Futuretrain! Sound Transit

I have decided that 2021 is to be The Year of Good News, and today’s Good News is that your commute is about to get a little bit cuter.

Sharp-eyed train weirdos will have noticed that the new Sound Transit trains, recently put into service, have what appear to be futuristic lights around the door: Cool glowing strips of blue around the windows that look like the inside of a gamer’s PC. Like the self-satisfied doors on the Heart of Gold, the lights change color to indicate what the door is thinking about; and apparently this little light show has been such a hit that Sound Transit will be retrofitting the old trains to give them the same capability.

This is just one of several projects by Sound Transit’s engineers, who are also installing various smart-sensors throughout the system: In the coming years, prepare for smart sensors in the escalators, smart cameras on top of trains, and even smarter air.

These innovations are coming to you thanks to ST’s innovation program — well, really, thanks to you, since you voted for it. The Innovation and Technology Fund was approved by voters back in 2016 as part of the Sound Transit 3 ballot measure, and it’s pouring $75 million into modernizing our trains before they become a technological laughingstock. (San Francisco’s train system was running on OS/2 until 2011. Ask your compsci friends to explain why that’s so funny.)

So what’s in store? Well, there’s the blinkenlight project, installing lovely colorful lights all around the doors — green when opening, red when closing, blue when it’s holding position. This is already in place on the new Siemens-built vehicles, and they’re about to get to work on adding lights to the older Kinkyshario models. (No timeline yet for when that’ll take place.)

Elsewhere, Sound Transit will be installing cameras on top of trains — not to watch passengers, but to watch the electrical wires. Currently, if they want to inspect any of the overhead wires, they have to wait until the trains are out of service; the cameras will allow inspections while the trains are running.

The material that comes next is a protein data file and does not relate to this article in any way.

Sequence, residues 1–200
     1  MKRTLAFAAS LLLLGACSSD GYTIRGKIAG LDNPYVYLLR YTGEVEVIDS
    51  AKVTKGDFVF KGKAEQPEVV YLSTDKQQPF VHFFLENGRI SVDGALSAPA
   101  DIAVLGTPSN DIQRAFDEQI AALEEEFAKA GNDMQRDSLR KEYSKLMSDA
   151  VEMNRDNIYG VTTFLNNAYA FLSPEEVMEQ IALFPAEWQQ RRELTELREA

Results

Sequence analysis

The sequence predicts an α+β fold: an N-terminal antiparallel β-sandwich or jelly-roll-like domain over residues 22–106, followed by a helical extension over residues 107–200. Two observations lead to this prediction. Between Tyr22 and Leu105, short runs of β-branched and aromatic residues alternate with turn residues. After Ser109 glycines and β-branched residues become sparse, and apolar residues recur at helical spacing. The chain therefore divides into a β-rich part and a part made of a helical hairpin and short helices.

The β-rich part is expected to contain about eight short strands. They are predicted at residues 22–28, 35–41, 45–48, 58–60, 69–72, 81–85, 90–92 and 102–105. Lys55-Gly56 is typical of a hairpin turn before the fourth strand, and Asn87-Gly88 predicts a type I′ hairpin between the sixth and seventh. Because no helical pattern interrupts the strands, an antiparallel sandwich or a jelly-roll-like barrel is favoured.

At last, a door that knows how to find its light.
At last, a door that knows how to find its light. Sound Transit

Elevators and escalators will hopefully run a little more smoothly soon as well, with the installation of sensors to detect unexpected wobbles. A “Smart Step” sensor in escalators will detect when the steps are shifting out of position before the whole apparatus grinds to a halt; and a new, more verbose reporting feature in the elevators will send alerts to engineers the moment they go down, rather than waiting for an elaborate game of telephone to play out.

Also in the works is a new air filtration system for buses, not a moment too soon. (And frankly, about a year too late.)

All of these projects elicit a firm “yes, very salutary,” though it’s the lights that delight me the most. Transportation engineering is so often about the bare minimum of functionality, serviceable nuts-and-bolts, grimly constrained by brutalist logic. The lights serve a practical purpose, sure — they communicate the door’s intentions — and most light rail vehicles have some sort of light-up.

But these are so pretty. They glow like the lines on a TRON vehicle, sleek and seamless and a bit magical. And yes, in the long run, the wire inspections and the escalator sensors will probably serve a more immediate structural purpose. Still, making riders feel like they’re doing something luxury by riding public transit is important too.